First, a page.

Tuesday, January 6, 2009
Facing Down Fears
Sometimes I am amazed at the number of fears and neuroses I've developed over the years. Today I find myself at midlife displaying a distinctly hesitating step when moving into new areas. Why is that? Has life taught me to be cautious or this just a lack of belief in myself? These are questions I'm willing to ask myself.
I won't say that I haven't ever taken a risk. At age 41, I learned to swim. Let me tell you - I was terrified when I went for my first lesson, and I was pretty well convinced that there was no way that my 19-year-old instructor was going to get me to pick my feet up off of the bottom of the pool. Yet she did, and I was floating by the end of lesson 1. Within a couple of weeks, I was swimming the length of the pool. I never quite got past my issues with the deep end of the pool by the time we moved away and had no more access to the pool, but I was swimming and enjoying myself.
It was also a big risk in going back to school. I was fairly sure that I was too long out of school and too dumb (where do I get these things??) to succeed. At age 44, I graduated magna cum laude.
You see, life keeps teaching me that I can do these things, that I can succeed at the things that matter to me. And yet I still stockpile fears like grenades in an ammo dump. Is it a female thing? Is it just the product of my upbringing? Or is it just me? Regardless of the answer, I know that I have a few more fears to face down.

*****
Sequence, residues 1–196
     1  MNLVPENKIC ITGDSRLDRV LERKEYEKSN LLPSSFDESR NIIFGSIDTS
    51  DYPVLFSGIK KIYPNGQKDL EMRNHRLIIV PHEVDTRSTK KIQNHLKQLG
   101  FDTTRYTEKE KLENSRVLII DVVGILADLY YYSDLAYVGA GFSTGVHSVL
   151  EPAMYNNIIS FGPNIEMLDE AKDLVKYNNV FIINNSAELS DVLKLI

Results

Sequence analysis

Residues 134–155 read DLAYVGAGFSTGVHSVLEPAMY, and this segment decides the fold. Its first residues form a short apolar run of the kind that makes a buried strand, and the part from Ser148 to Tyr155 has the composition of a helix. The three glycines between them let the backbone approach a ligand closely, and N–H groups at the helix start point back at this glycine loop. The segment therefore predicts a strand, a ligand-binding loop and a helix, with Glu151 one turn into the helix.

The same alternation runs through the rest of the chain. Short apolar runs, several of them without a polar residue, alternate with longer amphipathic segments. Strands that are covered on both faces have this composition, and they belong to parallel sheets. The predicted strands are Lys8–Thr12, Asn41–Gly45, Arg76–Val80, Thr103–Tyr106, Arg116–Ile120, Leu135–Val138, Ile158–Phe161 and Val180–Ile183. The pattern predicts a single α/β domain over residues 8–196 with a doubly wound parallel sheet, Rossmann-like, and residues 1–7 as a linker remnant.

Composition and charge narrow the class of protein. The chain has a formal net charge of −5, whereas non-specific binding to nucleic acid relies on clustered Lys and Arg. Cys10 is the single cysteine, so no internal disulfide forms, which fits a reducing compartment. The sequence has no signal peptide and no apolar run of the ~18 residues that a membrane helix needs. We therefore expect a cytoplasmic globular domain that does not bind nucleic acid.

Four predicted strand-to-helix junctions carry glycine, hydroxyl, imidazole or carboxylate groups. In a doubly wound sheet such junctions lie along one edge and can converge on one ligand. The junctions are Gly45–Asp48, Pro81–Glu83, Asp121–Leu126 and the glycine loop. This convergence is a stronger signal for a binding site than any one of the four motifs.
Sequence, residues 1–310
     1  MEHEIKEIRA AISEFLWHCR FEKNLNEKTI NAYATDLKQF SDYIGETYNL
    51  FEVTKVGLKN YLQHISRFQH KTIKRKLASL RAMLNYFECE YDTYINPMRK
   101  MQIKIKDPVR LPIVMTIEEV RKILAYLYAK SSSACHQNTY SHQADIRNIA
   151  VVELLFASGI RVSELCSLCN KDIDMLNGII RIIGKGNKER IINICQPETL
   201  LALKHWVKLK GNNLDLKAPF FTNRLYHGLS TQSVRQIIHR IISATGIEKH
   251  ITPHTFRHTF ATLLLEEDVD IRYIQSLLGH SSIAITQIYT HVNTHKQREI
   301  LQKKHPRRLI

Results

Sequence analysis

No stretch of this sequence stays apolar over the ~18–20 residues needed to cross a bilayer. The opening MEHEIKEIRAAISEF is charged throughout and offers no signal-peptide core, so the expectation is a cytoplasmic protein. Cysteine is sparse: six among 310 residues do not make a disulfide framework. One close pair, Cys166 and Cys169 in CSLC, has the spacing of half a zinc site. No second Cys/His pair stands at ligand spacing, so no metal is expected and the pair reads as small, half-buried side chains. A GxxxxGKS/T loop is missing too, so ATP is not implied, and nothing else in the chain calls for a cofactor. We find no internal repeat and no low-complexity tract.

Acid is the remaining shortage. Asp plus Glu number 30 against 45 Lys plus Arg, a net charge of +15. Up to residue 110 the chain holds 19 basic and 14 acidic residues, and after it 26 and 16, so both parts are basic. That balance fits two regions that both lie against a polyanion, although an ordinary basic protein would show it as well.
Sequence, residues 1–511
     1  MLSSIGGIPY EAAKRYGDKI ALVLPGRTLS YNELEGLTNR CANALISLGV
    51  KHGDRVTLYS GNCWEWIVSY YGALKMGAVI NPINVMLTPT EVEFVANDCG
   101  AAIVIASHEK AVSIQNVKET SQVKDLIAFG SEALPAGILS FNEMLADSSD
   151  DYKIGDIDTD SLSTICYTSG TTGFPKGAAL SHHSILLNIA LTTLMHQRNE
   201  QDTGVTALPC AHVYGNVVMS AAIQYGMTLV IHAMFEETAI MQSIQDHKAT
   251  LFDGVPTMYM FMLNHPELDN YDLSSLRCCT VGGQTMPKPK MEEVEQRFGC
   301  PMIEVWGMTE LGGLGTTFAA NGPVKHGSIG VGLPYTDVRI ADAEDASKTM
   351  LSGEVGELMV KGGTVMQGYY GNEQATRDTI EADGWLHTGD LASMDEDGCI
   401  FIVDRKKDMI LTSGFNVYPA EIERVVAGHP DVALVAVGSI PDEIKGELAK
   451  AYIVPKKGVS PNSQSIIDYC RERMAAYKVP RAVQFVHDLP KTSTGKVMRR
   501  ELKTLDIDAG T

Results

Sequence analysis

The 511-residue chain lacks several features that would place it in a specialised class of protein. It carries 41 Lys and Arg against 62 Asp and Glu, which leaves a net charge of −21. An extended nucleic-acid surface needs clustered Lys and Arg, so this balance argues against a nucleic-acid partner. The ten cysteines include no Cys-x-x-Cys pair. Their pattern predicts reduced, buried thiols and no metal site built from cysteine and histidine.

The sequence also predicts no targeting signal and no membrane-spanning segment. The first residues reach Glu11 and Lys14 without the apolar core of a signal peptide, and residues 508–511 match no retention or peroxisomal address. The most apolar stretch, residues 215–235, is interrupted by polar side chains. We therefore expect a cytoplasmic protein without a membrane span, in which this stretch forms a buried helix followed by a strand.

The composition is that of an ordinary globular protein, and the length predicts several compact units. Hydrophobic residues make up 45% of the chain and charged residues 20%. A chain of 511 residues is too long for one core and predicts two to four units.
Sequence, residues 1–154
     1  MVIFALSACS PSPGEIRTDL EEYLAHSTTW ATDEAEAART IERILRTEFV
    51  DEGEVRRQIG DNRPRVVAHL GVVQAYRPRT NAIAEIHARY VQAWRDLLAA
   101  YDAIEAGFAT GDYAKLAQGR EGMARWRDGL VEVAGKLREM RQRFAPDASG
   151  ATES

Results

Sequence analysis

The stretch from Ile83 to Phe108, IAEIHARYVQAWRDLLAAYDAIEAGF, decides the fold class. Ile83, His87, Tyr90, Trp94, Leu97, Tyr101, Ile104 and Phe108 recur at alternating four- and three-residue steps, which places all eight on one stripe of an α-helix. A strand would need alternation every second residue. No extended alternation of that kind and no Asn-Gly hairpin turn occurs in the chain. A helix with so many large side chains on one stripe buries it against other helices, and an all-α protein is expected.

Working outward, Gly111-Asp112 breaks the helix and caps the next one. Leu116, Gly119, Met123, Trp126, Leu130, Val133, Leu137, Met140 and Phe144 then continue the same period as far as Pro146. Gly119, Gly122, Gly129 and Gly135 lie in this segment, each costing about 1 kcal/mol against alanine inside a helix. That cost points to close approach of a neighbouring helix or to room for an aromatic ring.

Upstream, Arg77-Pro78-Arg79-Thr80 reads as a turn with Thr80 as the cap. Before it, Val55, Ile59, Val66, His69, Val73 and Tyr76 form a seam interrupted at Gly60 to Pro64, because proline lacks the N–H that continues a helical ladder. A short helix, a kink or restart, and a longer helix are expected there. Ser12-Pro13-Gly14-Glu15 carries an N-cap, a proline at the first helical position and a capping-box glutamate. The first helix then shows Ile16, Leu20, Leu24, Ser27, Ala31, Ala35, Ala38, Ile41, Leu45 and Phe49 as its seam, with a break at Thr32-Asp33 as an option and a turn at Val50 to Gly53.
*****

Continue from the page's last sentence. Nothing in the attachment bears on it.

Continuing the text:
I have to get over my fear of going out in the weather. Like many people I've had a few bad falls in the winter, so I've developed this fear of going out when it might be a little slippery. I feel it's a realistic fear, but it also stops me from getting out sometimes.
I have to get over my fear of my own health stopping me from doing things. Very often I need a rest at the end of my work day, even though I work from home. With school fast approaching (in 2 weeks!), I will have a couple of days a week in which I will have no time for a rest break.
And I have to get over my fear of each new activity causing me pain. I spent most of Sunday in pain this weekend because of raking the leaves. Ugh! But I'm not going to stop living just to avoid pain. What doesn't kill me...you know? I know quite a few people who become very reclusive (more so even than me!) when illness and pain strikes. There are many reasons for that, including the fact that so many people in our culture want us to put on a good face and pretend nothing is wrong. It's very hard to do when you really don't feel well. Sad, yes?
When I read back over this, I realize that I've already faced so many fears, what am I worried about? What's the worst that can happen? The answer is - nothing I can't handle!
The one secret for me - and it may not work for you - is not to think too much about the thing I fear, not to over-analyze it, but to just close my eyes and take the plunge, like taking that first step out of the door of an airplane, feeling the updraft of the wind on my face and the secure weight of the parachute pack at my back.
Yeah. But I won't be jumping out of any perfectly good airplanes anytime soon!
Peace - D